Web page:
November 25, 2014

The Player’s Point of View: Theme and Framing the Experience


So a while ago I started a Google spreadsheet file dubbed the “Game Tracker,” wherein I keep list of games that I’m interested in playing in the future. As the list grew and grew; and then grew some more – in concert with my available time shrinking and shrinking; and then shrinking some more – putting the games into an assortment of buckets so that I could prioritize my interest among like-seeming games became important. But hold onto this thought!

Now rewind back two years (give or take) when I was working more actively on the Game Genome Project. If you need a refresher, the Game Genome Project is a BGG guild comprised of various individuals looking to develop a nomenclature and/or classification scheme for boardgames. The basic premise of the project is this:

The Game Genome Project is a comprehensive and collaborative effort to identify the full range of traits (aka genes or characteristics) that can be used to describe board games along with the corresponding tools and practices for assessing and assigning these traits to individual games. The purpose of these activities is to provide the board game community with a more effective and commonly understood lexicon (vocabulary) for discussing board games and support analytical investigation of the boardgaming hobby.

One of the “traits” to investigate relates to the theme of a game, and we quickly arrived at two major distinctions: the theme as it relates to mechanics (level of abstraction vs. fidelity), and the theme itself as a subject and frame of reference for the experience. Theme as it relates to mechanics is a highly fascinating topic, and will be covered in more detail in the future. Till then, and to satiate your burning desires, I’ll direct your attention to this most excellent post by qwertymartin: How do you wear your theme sir?

As for theme as subject and frame of reference, there are a few key dimensions we considered: Scope, Setting, and Subject (yes, I deliberately made them all s-words!). To discuss how these work and apply, I’m going to bring us back to my little “Game Tracker” conundrum and see how these dimensions of defining a game’s theme might be used as a frame for understanding different experiences. Here we go!



Subjected to Subjects

First off, let’s consider the “subject” of game. The subject of a game can be a great many things; a nearly infinite menu of possibilities really. It could be trading, or political infighting, or subterranean exploration, or racing, or organized crime, or survival, and so on. Many of these subjects can and do suggest a certain place or timeframe – but I like to think about the subject a bit separated from time and place. You can have a game about “Trading” that is set in space (Merchants of Venus), or Trading in the Mediterranean (not again!), or cargo ship trading (Container), and so on.  When thinking about a game's subject, I try to take a more universal understanding of it separate from its historic or fictional context, zeroing in on the activity the game trying to model.
The specific subjects we might consider are certainly of interest to people. But the sheer abundance of different subjects makes it quite challenging to use the subject as a corner stone of a thematic organizing structure. So let’s consider the next dimension of theme: setting.




Contextual my dear Watson!

If the subject defines “what” a game is all about, then the “setting” describes the where and when that what is occurring. As with the subject, there are countless settings that can be considered. However, more so then with subject, I feel the setting of a game can be broken down into meaningful sub-categories. I’ve found it useful to think about games along these rough buckets:

Twilight Struggle - A "Real World" Setting


“Real World” settings - historic or current era.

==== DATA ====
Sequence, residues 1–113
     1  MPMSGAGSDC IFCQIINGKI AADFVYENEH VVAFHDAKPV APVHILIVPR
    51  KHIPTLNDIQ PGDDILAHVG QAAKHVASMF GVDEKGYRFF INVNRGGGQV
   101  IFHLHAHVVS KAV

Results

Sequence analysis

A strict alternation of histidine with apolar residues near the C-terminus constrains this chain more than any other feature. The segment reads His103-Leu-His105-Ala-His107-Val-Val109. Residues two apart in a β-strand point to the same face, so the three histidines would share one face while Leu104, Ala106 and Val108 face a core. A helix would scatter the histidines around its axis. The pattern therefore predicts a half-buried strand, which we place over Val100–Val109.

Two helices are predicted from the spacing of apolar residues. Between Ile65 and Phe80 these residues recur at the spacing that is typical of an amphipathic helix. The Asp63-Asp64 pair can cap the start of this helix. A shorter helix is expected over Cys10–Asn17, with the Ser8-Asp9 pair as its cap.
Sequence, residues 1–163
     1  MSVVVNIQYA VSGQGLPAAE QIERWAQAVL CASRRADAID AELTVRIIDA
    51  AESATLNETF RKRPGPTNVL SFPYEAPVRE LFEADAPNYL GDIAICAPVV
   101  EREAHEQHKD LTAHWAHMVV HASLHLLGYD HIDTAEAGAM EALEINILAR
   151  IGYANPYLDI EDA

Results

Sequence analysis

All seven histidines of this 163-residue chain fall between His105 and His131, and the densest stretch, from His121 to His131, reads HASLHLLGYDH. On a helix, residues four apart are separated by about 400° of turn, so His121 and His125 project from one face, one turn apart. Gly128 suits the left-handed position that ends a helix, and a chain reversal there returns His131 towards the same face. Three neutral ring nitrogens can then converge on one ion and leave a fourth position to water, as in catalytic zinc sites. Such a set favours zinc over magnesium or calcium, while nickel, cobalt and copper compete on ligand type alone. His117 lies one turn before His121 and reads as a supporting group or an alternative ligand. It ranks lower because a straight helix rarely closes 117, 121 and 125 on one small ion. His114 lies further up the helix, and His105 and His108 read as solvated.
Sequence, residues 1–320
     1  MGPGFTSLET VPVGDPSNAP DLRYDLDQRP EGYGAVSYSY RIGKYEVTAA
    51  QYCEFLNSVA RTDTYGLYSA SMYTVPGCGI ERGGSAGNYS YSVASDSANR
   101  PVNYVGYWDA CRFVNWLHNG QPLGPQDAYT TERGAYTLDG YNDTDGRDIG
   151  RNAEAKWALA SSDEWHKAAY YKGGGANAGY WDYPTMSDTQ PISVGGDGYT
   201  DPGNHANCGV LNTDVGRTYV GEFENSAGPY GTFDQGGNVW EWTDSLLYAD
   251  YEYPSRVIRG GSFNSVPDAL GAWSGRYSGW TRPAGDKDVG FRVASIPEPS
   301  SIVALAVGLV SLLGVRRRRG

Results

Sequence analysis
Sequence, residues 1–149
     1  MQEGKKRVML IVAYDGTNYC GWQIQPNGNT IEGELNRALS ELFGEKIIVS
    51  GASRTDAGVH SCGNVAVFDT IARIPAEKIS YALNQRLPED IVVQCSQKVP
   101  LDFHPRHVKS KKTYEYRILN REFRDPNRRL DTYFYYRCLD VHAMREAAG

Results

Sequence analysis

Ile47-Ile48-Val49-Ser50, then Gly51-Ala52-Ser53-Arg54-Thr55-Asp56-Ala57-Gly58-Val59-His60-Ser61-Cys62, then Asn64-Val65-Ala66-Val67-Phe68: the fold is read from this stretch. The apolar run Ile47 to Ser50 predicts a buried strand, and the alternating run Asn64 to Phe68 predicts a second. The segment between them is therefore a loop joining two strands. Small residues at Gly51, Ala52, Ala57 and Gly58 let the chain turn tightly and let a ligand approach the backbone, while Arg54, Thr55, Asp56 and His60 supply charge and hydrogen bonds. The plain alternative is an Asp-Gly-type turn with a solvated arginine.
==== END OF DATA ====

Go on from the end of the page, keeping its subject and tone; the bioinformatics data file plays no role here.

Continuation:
The setting is based on current or historic real world events, times, places, locations, etc. Warfare, as a subject example, can be set within World War 2, or the Cold War (Twilight Struggle), or ancient warfare (Command & Colors: Ancients) in the middle east, or Columbian guerillas (Andean Abyss). These are all based on historical events and real times and places.

“Alternate Reality” settings
These are settings that generally take place “on earth” but represent a historic divergence from reality at some point in the past (or in modern day), perhaps even incorporating a bit of the fantastical and outrageous in the process. For example, various steampunk Victorian, or Lovecraft-ian Cthulhu, or zombie apocalypse settings fall into this bucket. It’s imagining “what if” scenarios. What if steam-technology became far more advanced in the past and reshaped resulting history? What if the Old Ones awoke from the deep? What if you walked outside to get the newspaper and found your neighborhood overrun by zombies? What if indeed!

“Fantasy” settings
The overlap between fantasy, alternative reality (above), and science fiction (below) can be nebulous. That said, I find “fantasy” settings to be those where the preponderance of the setting takes place on a fictionalized world or reality that presents a fundamentally different understanding of reality compared to our own. There might be other rules or forces at work (magic, demonic manifestations of good & evil, etc). And most “fantasy” settings operate at level of technology that is pre-mechanization or less-advanced then recent history and might best be viewed as occurring “in the past.”

“Science Fiction” settings
These settings are imagined realities defined largely by plausible technology that is more advanced than the technology of the current day. Obviously, “plausible” has to be taken with a grain of salt, and the line between plausible and “magical” can be thin or non-existent. But even so, whether the theme fits within the idea of sci-fi or not is largely based on technology explaining the nature of reality, rather then it being controlled by “mystical forces” or something less concrete and rational.

“Abstract” settings and fidelity
Games are necessarily abstractions of the subject and setting and they seek to encompass. While we can consider the level of abstraction that exists within the theme and its relationships to the game’s mechanics irrespective of the setting, “abstract” as a setting also exists. What I find intriguing about considering the abstract as a setting is that it recognizes that abstract games can still be about a particular subject; it’s just that the subject is represented in a abstract manner! For example, there is a fabulous iOS games that resembles Go called “Pathogen.” It is certainly an abstract game, yet it nevertheless manages to be about cells being altered by pathogens – it demonstrates a process and dynamic, albeit in the abstract.